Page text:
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Planning Retirement Online

Three balls to money

October 2011  

PawnbrokerPawnbroking is back! 100 years ago and earlier pawnbroking was a very common activity – in fact at the end of the 19th century there were almost as many pawnbrokers in the UK as there were pubs! However, the idea fell from favour in the middle of the 20th century and it is only in recent years that they have started to thrive once more.

Pawnbroking – or borrowing money in return for depositing anything from family silver and jewellery to bedlinen and cutlery – has a very long history and was taking place as far back as 3,000 years ago in the Far East. In Europe it enjoyed a surge when, in the fifteenth century, the noble Medici family in Italy became involved in pawnbroking, making it respectable. Interestingly, it is due to the Medici family that the famous sign of pawnbrokers – three golden balls – came into being. One half of the Medici family split away to become bankers and took half the family crest with them. The pawnbroking side of the family were left with the other half which included three gold balls.

Really pawnbroking is just a different way of borrowing money from going down to your high street bank. It is usually more popular in times of a recession when banks may be turning down loan applications from customers. It can also be very useful for people who have a bad credit record. Currently pawnbrokers are reporting a surge in interest from ordinary people who often want to borrow only small amounts of money to tide them over for a short time. However, amounts involved can vary from just a few pounds to tens of thousands of pounds.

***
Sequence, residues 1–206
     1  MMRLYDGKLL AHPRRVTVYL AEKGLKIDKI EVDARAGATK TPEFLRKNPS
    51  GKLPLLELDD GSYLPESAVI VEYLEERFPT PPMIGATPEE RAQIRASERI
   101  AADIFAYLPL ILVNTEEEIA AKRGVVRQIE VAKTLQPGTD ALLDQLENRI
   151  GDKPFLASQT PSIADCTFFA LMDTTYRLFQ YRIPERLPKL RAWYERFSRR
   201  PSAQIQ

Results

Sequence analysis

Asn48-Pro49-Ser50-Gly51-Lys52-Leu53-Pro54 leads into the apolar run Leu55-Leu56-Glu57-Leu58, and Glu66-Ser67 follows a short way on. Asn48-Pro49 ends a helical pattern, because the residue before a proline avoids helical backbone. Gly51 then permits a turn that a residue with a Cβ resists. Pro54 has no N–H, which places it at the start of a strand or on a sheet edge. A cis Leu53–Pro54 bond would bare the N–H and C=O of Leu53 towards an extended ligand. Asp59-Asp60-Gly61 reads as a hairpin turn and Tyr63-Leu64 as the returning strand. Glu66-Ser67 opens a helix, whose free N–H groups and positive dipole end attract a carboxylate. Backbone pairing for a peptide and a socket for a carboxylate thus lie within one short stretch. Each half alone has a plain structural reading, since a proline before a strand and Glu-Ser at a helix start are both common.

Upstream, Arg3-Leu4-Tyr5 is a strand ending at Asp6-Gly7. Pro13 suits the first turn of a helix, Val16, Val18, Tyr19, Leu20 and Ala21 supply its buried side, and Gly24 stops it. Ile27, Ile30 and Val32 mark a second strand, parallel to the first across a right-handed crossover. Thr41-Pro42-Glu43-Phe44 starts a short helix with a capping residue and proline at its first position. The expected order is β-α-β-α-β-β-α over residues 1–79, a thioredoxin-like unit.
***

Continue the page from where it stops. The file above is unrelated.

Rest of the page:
How does it work? Well, if you want to loan a pawnbroker a ring, for instance, for £500, the pawnbroker will examine the ring and make a quick valuation of it. He will then give a repayment rate which will include interest on the amount loaned, and can also reflect the length of time the money is required; the usual minimum time of a loan is six months.

Today pawnbrokers are controlled and once this amount has been agreed the pawnbroker will present a customer with a document called pre-contract information. If all the terms are acceptable, then the customer can sign the actual agreement. This is an A4 document which details rights and also protection under the Consumer Credit Act of 1974.

Then the customer can take away the money and the pawnbroker keeps the goods. When the loan and interest are paid back, the customer can regain their property.

There are various rules now regulating pawnbrokers activities. For instance, the myth that they simply keep the goods if the loan is not repaid is not true. The customer has to be served with various warnings and opportunities to redeem the goods, but if this hasn’t brought results, the pawnbroker must serve notice of an intention to sell and then obtain a true market value on the items. When the sale goes ahead, if the proceeds are greater than the amount due, then the balance has to go back to the borrower.

It really is a long way from backstreet money lending and most modern pawnbrokers are very efficient, well run businesses. Even their shops are today more like a bank than a “shop”, with modern furnishings and professional, discreet staff.

For more information, there is a National Pawnbrokers Association of the UK (visit www.thenpa.com)
or just pop into a high street pawnbrokers who will be happy to explain more fully how the system works. There are several chains today such as Cash Converters www.cashconverters.co.uk, or The Money Shop www.moneyshop.tv, with branches across the country.


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